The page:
I think the reason I've found the schedule easy to stick to so far is because I've been disciplined about when I run - if the timetable said Tuesday and Thursday, I went Tuesday and Thursday.  Last week, my regular Tuesday night cinema "club" with friends kicked back in though, and Thursday was the AGM for the Surf Club so I needed to be there at 7.30pm instead of the usual 9ish.  Combined with working longer hours at the office, I let myself drift a bit, and ended up dropping the shortest run for the week (which might just have been the interval run again ... ahem).  On the other hand, I really enjoy getting runs ticked off and done - so much so that I got home (late) from work on Friday at 7.30pm and decided to go straight out and get my weekend long run done and dusted, so I could enjoy my weekend.

There's an easy solution to this I realise - I just move my two scheduled week day runs forward a day each to my quiet evenings in the week.  Simple!  I can then have a regular night to run that doesn't clash with my regular social engagements.  It also means that I have a rest day on Thursday, meaning if I want to get my long weekend run done early on a Friday again I can, and I can run it on fresh legs too.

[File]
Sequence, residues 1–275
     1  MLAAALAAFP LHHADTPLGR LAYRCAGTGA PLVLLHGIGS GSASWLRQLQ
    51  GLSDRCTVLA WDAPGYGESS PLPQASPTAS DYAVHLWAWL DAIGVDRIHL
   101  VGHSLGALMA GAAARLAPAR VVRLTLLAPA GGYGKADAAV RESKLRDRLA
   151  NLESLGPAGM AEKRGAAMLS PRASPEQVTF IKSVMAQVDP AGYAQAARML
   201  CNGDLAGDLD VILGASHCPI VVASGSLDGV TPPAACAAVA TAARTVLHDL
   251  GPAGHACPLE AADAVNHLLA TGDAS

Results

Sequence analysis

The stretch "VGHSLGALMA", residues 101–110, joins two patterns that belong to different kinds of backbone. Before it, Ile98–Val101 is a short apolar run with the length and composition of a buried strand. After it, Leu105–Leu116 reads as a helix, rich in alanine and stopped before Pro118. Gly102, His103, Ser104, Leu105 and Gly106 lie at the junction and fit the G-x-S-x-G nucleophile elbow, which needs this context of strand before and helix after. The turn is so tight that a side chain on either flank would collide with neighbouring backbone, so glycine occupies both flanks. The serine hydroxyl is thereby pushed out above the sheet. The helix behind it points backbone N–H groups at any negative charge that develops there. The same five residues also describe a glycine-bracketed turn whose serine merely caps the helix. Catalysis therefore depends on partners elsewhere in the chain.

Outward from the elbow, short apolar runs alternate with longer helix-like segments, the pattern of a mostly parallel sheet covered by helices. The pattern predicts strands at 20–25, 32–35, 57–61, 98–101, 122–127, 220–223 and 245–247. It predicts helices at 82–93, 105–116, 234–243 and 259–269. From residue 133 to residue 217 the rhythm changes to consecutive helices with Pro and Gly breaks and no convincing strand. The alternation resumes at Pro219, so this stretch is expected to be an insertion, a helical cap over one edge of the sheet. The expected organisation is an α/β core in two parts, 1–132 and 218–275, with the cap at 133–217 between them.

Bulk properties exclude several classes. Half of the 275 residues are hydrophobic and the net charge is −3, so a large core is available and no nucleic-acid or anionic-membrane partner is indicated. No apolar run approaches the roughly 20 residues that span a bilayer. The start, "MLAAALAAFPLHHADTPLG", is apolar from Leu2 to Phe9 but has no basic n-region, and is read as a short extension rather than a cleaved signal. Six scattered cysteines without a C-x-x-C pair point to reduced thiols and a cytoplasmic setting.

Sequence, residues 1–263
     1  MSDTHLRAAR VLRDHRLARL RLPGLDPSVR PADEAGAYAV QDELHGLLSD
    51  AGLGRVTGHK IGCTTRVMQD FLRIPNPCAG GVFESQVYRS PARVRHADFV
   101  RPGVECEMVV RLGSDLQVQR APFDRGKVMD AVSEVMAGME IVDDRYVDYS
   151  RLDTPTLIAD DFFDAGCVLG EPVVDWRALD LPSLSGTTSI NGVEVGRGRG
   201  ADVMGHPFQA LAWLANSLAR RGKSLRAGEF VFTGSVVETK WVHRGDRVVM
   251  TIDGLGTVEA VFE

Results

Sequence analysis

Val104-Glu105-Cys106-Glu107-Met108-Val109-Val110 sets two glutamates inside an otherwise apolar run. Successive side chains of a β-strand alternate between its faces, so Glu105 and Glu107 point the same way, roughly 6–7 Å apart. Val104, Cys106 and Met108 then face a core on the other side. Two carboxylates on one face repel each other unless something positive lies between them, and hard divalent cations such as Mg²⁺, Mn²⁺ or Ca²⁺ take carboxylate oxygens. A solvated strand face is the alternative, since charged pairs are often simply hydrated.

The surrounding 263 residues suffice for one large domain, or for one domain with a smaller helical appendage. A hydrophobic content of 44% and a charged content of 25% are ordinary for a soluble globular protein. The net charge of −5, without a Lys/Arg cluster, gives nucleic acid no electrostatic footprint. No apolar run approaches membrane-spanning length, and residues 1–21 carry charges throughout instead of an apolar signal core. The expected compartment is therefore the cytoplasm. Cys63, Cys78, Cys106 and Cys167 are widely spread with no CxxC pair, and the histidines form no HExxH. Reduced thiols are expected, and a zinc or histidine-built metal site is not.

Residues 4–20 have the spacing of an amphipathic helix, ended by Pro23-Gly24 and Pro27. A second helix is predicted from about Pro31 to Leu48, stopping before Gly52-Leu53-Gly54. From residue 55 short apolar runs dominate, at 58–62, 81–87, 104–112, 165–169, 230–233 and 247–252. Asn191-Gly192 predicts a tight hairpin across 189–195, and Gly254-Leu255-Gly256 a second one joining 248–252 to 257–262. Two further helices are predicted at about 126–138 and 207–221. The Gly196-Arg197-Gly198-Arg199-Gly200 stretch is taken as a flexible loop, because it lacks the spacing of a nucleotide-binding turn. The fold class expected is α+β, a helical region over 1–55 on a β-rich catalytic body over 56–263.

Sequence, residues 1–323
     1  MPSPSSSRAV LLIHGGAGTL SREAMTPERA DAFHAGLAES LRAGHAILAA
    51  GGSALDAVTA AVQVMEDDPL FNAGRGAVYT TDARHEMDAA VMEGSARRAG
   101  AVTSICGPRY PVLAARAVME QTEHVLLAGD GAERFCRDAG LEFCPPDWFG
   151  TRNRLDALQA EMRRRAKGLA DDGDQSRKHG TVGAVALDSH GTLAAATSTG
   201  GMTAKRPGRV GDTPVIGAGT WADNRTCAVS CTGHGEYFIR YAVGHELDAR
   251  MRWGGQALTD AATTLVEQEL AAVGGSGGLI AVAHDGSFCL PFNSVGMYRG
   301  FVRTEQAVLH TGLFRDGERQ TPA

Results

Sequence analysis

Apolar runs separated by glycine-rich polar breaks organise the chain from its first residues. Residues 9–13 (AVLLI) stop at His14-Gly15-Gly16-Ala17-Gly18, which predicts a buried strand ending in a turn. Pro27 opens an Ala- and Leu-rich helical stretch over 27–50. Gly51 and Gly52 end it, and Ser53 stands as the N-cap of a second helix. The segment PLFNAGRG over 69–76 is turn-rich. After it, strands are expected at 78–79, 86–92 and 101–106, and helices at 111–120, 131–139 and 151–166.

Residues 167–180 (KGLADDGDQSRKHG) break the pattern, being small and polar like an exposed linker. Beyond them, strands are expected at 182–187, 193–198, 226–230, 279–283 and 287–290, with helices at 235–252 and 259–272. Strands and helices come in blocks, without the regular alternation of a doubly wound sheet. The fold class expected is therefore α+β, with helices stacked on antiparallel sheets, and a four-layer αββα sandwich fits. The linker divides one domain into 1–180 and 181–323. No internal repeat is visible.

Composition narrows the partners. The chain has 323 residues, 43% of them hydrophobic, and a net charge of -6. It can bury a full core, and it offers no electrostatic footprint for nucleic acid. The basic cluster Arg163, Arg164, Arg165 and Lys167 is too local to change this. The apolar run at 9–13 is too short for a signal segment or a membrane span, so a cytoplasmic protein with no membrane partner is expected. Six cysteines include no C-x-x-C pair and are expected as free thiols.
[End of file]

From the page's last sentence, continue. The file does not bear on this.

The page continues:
Friday's run was both good and bad.  Good because I wanted to do it, even though it had been a long day.  Good because I managed 65 mins steady without stopping, which was 5.5 miles.  Bad because my right foot was still aching a bit, and right at the end my left one got in on the act too.  Bad because I felt a bit low on energy the whole way.  Good because when I logged my run afterwards, I'd actually increased my pace on all my previous "long" runs.

I'm still slow at the moment - Friday's run was at 12.02 min / mile.  My times are very slowly improving, and my shorter runs are quicker, but even allowing for a little more improvement in my pace over the remainder of training, I think I'm looking at 2hr 30min half-marathon.  Respectable but slow.  However, I was never in this for the speed, and I'm sure I will by no means be last.  This was only ever about completing it.